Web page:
is home to 13 identified species of rattlesnakes that can be encountered any time except March and April. During the summer months, they are more active at night, and they are most active after the August monsoons.
Rattlesnakes don’t always warn you by shaking their rattles before they strike.
Their strike can have good range: They can strike 1/4 to 1/2 of their body length.
Baby rattlesnakes are usually born at the end of July and can bite right from birth
Send Scorpions Packing with These DIY Tips!
If you live in or near the desert, you’ve probably encountered this pest with sharp claws, a poison-filled stinger, and a habit of hiding in unworn shoes. In fact, just the other day, I was stung for the first time by a scorpion, even though I’ve lived in the desert my entire life! Turned out the neighbors forgot to inform us that they were being bug bombed for a scorpion infestation and one of the animal refugees made their way under my bed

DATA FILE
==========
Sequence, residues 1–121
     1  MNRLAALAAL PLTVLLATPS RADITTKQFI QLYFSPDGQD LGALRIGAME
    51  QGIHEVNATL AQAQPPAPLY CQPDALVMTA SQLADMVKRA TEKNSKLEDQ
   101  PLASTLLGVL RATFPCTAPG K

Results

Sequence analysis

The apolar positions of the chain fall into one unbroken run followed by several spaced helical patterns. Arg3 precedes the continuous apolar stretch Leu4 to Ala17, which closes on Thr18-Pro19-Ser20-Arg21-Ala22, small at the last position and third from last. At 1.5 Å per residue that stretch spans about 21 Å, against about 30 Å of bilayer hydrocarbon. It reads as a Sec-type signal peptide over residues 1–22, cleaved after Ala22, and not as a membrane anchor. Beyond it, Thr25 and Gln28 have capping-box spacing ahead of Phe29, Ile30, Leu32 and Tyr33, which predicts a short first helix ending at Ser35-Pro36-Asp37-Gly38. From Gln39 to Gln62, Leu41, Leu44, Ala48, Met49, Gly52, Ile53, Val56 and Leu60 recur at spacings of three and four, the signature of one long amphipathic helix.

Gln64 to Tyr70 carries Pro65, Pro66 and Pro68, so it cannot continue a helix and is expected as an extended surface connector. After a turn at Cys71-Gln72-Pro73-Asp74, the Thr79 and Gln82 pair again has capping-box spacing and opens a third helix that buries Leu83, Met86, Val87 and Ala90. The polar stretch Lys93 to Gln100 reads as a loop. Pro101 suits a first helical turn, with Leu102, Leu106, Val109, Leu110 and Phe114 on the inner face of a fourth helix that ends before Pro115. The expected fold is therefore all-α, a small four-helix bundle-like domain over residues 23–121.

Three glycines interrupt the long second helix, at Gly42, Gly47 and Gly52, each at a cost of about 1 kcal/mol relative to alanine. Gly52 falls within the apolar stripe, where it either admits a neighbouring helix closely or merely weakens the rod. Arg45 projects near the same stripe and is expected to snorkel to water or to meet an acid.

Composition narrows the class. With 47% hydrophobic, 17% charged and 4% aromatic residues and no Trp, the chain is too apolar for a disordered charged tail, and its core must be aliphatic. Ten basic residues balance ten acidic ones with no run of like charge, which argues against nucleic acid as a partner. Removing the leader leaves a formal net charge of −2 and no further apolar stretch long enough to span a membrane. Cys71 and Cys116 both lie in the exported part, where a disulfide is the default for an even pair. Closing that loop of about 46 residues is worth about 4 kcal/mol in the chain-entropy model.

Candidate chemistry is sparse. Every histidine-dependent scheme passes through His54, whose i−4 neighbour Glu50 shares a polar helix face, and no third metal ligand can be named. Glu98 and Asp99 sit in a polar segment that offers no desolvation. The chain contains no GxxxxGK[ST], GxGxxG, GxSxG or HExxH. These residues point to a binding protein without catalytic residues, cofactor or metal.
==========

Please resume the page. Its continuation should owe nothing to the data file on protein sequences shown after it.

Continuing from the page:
Where, after taking a nap (the scorpion was very polite and let me sleep for an hour or two) the scorpion crawled up to my arm, stung me, and scurried away. I called poison control right away and I was absolutely fine, luckily these desert scorpions in the southwest are pretty harmless, that is to say, not fatal. But if you ever are stung, be sure to capture the scorpion safely and attempt to identify it, especially if you are in the mountains. As some species of scorpion are more dangerous than others.
Needless to say, I started to look into different natural ways of keeping these particular creepy crawlers out of my life. I figured out the two things scorpions hate most of all, lavender and cedarwood oil! Makes sense that something that is so gross would hate two things that smell so sweet! Cedarwood oil is the most important part, they HATE it, as it will kill them on the spot.